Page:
Salvia Divinorum Clones
Salvia Divinorum may grow from seeds or propagation. Germinated seeds are not often produced by existing salvia plants. The shortage of germinated seed producing plants means that there are more propagated clippings of clones than unique plants grown from seed. Different clones are actively grown and carefully watched over to keep the species alive. Commercial and private growers watch the clones for signs of germinated seeds that may produce exciting new strains.
Seed raised Salvia divinorum Plants
Salvia Divinorum is unique when the plant comes from a seed. The value of a seed born plant is high as the plant is one of a kind. A plant that comes from seed has combined the genes of two other plants and has made a new strain. The new plant may look a little different than it’s parents or have different medicinal salvia effects. Any new traits are a huge deal. If the new plant is favorable it should be cared for and clips may be made if it does not make germinated seed.
There are no known cases of viable Salvia Divinorum seeds being found in the wild on plants. For good seeds to exist, plants are
carefully pollinated in green houses. This is usually done by hand and the seeds which come from this method are not always germinated. The line of parents is kept in record by the grower in most cases so the chance of making good seeds again is increased. Even a plant that has made a germinated seed before may not make one again.
Possibly the most unfortunate part of the saliva plant which is grown from a seed is that is does not often survive. Seed grown plants will appear from their soil briefly. They are known to die at an early age. There is always hope for seed grown plants, but they do have less than a 50% chance to live.
A common Wasson/Hofmann clone is known to have once made germinated seed that grew into various strains by Daniel Siebert. The strains are called: Echo, Oracle, Sacred Spring, Enigma, and Mystique.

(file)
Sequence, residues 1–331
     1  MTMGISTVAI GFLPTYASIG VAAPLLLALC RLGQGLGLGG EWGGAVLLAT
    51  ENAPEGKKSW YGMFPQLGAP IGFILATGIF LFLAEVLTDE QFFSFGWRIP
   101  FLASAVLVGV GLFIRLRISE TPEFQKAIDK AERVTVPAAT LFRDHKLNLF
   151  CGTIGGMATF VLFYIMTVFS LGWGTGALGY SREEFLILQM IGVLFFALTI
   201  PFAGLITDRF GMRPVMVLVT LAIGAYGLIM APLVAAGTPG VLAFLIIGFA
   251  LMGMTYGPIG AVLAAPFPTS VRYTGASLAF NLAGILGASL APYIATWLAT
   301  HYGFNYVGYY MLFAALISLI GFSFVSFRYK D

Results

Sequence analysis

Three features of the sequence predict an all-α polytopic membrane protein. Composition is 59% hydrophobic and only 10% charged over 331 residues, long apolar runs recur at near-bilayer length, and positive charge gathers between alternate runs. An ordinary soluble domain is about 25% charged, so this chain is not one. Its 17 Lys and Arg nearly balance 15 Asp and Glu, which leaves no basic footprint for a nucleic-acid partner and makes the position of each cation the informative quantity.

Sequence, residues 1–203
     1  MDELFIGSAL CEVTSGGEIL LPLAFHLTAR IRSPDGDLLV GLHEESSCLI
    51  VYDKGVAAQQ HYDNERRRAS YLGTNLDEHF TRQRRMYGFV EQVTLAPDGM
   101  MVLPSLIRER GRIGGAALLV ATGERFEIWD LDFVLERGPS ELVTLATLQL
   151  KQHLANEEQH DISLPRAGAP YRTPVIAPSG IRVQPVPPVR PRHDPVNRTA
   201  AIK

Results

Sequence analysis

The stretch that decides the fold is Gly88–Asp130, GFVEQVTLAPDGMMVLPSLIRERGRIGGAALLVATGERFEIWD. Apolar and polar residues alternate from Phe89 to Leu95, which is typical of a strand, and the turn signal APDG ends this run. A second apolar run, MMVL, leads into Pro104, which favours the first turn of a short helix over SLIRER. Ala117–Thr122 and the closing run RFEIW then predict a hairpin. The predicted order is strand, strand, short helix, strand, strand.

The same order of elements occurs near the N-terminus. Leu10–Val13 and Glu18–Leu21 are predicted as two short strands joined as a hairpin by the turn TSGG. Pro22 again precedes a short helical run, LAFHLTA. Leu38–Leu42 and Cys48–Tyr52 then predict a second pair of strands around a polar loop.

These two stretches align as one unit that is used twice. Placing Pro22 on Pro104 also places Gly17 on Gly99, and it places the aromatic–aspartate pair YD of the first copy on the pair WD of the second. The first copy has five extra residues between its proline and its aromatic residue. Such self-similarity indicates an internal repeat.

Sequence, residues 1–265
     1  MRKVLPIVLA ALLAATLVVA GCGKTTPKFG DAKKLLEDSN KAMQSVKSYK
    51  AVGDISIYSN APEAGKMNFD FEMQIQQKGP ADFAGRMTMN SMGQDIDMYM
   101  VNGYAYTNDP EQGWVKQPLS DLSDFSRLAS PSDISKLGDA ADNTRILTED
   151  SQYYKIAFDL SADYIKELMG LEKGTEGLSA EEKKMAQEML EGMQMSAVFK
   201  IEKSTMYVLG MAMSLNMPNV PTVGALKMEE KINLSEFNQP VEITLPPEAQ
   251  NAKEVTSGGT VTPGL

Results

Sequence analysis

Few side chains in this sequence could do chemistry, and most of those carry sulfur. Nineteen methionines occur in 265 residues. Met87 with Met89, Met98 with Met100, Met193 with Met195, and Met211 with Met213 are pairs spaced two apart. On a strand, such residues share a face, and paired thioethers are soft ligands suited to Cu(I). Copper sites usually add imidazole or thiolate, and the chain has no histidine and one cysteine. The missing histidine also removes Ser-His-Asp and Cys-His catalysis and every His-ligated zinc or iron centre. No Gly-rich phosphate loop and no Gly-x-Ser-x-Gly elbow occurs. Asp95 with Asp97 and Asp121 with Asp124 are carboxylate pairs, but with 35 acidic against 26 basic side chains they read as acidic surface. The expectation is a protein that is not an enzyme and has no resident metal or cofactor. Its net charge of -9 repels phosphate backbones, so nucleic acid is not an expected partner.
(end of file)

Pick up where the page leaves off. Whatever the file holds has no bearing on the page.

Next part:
Other known strains from good seed: Maka, Hanau.
Salvia divinorum Plants grown from clone clip propagation
A Salvia Divinorum clip clone will look similar and have the same genes as the plant it was clipped from. Most plants that exist are grown this way as it is easy to do with this species. These plants do very well in large pots or when planted outside in the right conditions. Clipped clones can be grown with less than 4 hours of sunlight a day and do not need any complex treatment.
Salvia clones collected from wild strain: Julieta, Catalina, Palatable, Delicious, Cerro Quemado, Wasson/Hofmann, and Bret Blosser #2.
Defining characteristics of Salvia Divinorium: Growth Strength, appearance, chemical strength, and taste. The different clones of Salvia Divinorium show a range of unique attributes.
Growth strength will vary from plant to plant. The plants that exist today are usually the best of the best so they do well. Strong plants are typically bred together in hopes of producing better offspring, weaker strains are phased out this way. Wasson/Hofmann is known to be a strong strain. Growth strength can only be observed if growth conditions are good.
Overall plant and leaf shape is very similar on every clone. Paradox is the only plant known to have special leaf shape. This comes from the lack of clone variety due to low seed germination and viability. The range of plant color is known to include yellow, green and some shades of purple. Height, width, and plant thickness can depend on where then plant is being grown. Small pots will grow smaller plants, they tend to grow more large and with haste when re-potted into a bigger pot. Light and humidity can also alter a plants appearance.
Strength of the Salvinorin A concentrate is not the same in all strains. The typical amount of concentrate in a clone can be between .8 and 2.9, depending on the strain. It is not clear if each clone strain has the same chemical strength from plant to plant. More studies need to be done.
The taste of Salvia Divinorum is known to be bitter in all plants. The delicious strain is bitter as well. The tannins in these plants causes the bitter flavor which varies from season to season. Different strains may have a slight unique second taste.
A small gene pool of Salvia Divinorum plants exists today. Because of the lack of diversity, the measurable qualities do not vary much. Seed born plants are so rare and valued, they give the species a chance to grown and change.
The following video demonstrates a tutorial on how to create a clone from a clipping of a Salvia divinorum plant